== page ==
© Piers Fuller/Fairfax NZ
Unusual Sight: Japhy and Enzo Fuller look at the strange clouds over Masterton.
"Freaky" clouds in Wairarapa yesterday evening were caused by warm air "ski-jumping" off the Tararua Range into a rainy front, according to Metservice.
Wairarapa News journalist Piers Fuller was on the lawn outside his home east of Masterton at about 6pm last night, videoing an impromptu rugby game between his sons Japhy, 6, Enzo, 5 and daughter Juno, 2, when he noticed the sky looked "weird".
"I stopped and said, hey, look at these freaky clouds."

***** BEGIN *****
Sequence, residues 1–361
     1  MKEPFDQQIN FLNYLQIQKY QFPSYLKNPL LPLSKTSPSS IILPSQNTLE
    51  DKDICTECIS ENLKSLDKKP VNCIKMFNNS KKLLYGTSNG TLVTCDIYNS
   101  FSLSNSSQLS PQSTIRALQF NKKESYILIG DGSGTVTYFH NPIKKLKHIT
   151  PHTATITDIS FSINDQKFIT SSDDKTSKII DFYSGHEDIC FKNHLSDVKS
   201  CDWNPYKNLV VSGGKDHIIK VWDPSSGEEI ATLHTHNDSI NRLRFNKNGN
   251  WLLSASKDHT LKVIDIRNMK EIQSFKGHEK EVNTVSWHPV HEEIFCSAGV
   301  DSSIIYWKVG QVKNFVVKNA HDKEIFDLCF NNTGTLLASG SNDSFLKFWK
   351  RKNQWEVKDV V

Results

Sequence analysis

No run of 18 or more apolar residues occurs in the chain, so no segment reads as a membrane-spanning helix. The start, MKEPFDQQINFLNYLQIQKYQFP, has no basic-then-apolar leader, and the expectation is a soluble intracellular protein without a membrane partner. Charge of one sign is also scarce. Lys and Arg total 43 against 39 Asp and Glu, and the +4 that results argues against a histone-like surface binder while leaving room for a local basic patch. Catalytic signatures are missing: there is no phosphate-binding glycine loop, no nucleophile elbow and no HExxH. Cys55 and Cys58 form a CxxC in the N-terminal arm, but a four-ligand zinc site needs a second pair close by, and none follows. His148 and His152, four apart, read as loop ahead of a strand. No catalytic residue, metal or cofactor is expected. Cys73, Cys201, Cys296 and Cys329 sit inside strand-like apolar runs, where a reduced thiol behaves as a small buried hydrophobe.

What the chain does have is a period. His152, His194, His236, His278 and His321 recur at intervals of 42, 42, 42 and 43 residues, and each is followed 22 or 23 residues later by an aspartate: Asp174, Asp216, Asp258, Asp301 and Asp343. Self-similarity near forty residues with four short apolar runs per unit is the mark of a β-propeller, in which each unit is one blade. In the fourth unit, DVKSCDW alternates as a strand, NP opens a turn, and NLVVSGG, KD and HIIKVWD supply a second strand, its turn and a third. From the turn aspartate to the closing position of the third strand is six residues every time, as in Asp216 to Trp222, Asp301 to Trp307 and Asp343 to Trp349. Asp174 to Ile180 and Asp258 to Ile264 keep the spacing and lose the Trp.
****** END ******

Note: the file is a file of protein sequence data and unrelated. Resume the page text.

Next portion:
Commenters on the Wairarapa News Facebook page thought the clouds were Mammatus clouds, also known as "mammary clouds".
Metservice meteorologist Daniel Corbett agreed, saying mammatus normally form as a result of sinking air, hence their downward udder-like appearance, and often occur in the base of the anvil of a cumulonimbus, or thunderstorm, cloud.
However in this particular case the explanation was a warm north-west wind lifting up over the Tararua Range then falling into the leading edge of a rainy front creeping over the lower North Island last night, he said.
"When [the north-wester] comes over the Tararuas it's almost like a ski slope, it lifts the clouds then pushes them down... that downward motion can help create that type of formation."
Source: The Dominion Post